Tech group can’t agree on mitigation at Five Bridges

By Deb Murphy

The Technical Group meetings have morphed into the E-ticket of all local meetings.

Comprised of representatives of Los Angeles Department of Water and Power and Inyo County Water Department staff, agenda items are approved with agreement on both sides, like the Standing Committee. That agreement has been elusive lately.

Monday afternoon’s meeting was called to deal with one item on last Wednesday’s agenda—an item the group didn’t get to after not agreeing on a number of other items. The subject: resolve any disagreement over attainment of mitigation goals for the Five Bridges impact area.

At a January meeting of the Tech Group, DWP’s Dave Martin made his presentation maintaining the mitigation goals had been met. Inyo staff’s response was a brief “we’ll get back to you after we do our own evaluation.” That evaluation, presented Monday by Zack Nelson, disagreed with Martin’s findings.

Nelson went through the report, outlining results of different forms of analysis. The goals outlined in the 1999 mitigation plan for Five Bridges required a 60-percent recovery in alkali meadow and 90-percent of riparian scrub. To meet those goals, the vegetation in each area had to reach 90-percent of those targets when compared to coverage and vegetation variety prior to the operation of wells 385 and 386. Inyo’s conclusion was the alkali meadow recovery was close to goal but riparian areas never met the goals over the 20-year study period.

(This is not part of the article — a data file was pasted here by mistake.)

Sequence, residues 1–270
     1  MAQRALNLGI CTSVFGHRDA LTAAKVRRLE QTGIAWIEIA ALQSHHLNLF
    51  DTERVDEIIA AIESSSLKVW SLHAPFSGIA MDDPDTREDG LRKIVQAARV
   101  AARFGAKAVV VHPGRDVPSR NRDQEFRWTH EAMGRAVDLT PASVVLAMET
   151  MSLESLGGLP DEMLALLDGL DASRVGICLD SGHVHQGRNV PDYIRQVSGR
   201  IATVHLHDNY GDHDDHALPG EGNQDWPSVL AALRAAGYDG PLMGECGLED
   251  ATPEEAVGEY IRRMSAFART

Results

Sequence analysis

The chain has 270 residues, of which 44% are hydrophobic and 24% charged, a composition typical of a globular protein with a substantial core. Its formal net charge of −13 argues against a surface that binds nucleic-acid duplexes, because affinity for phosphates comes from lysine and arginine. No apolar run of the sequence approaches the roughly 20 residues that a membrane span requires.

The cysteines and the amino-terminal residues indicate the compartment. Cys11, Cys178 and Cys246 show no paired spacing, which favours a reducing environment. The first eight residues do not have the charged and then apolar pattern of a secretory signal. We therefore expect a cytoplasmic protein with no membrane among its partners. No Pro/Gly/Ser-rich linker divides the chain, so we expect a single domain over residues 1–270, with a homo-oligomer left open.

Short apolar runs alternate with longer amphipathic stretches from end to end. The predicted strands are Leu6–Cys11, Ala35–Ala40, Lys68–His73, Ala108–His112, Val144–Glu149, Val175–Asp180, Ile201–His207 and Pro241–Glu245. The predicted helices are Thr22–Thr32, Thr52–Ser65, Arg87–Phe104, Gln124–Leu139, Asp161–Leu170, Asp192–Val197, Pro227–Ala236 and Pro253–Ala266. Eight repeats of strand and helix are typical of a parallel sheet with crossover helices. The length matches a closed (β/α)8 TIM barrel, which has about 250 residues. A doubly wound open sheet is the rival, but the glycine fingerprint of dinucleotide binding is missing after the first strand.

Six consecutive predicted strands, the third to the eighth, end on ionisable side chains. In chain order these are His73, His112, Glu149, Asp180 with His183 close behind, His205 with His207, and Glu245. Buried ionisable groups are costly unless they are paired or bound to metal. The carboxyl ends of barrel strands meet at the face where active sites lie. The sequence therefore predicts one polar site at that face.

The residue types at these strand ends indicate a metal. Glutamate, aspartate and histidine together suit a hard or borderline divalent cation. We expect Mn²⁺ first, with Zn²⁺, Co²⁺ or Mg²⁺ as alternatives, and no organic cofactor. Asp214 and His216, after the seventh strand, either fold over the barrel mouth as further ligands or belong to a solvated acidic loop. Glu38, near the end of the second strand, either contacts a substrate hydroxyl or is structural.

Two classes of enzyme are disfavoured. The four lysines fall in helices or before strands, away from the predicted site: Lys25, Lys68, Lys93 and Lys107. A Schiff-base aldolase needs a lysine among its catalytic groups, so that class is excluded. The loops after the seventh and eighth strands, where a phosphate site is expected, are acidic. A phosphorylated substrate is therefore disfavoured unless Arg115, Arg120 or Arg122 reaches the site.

How could the two entities reach opposing conclusions?

The original impact area constituted 300 acres. When the acreage was assessed in 1991, it was decided roughly 240 acres had recovered and the new goals were laid out for the remaining damaged area in 1999.

Martin explained the goals were irrelevant and had used the entire 300-acre original impact area to come to the conclusion Five Bridges had met those irrelevant goals.

The Water Department simply took those areas identified as still in need of mitigation and concluded they had not met the goals set out for just those 60 acres.

During last year’s epic run-off, LADWP spread a lot of water in the valley to keep it out of the river and away from the Owens Lake. Everything greened up but Harrington questioned whether that recovery was sustainable. The down side of all that green was the dominance of the invasive pepperweed.

LADWP accused the County of cherry picking areas to use in its evaluation. The County reminded the department the plan was developed to address those unmitigated areas.

Chair Jim Yannotta suggested a caucus. That lasted almost an hour after which Yannotta announced the Tech Group would continue the discussion Monday, March 26 at 1 or 1:30.

During the final public comment period, Nancy Masters summed up the dispute: “It’s disheartening we’re arguing over semantics when you can see the mitigation is not getting done. The fundamental problem is that in 1999 both the County and the City agreed on the goals of the plan. Agreements need to be viewed as what was agreed to.” Her conclusion: LADWP had to avoid impacts as that was easier than the untried waters of recovery.

 

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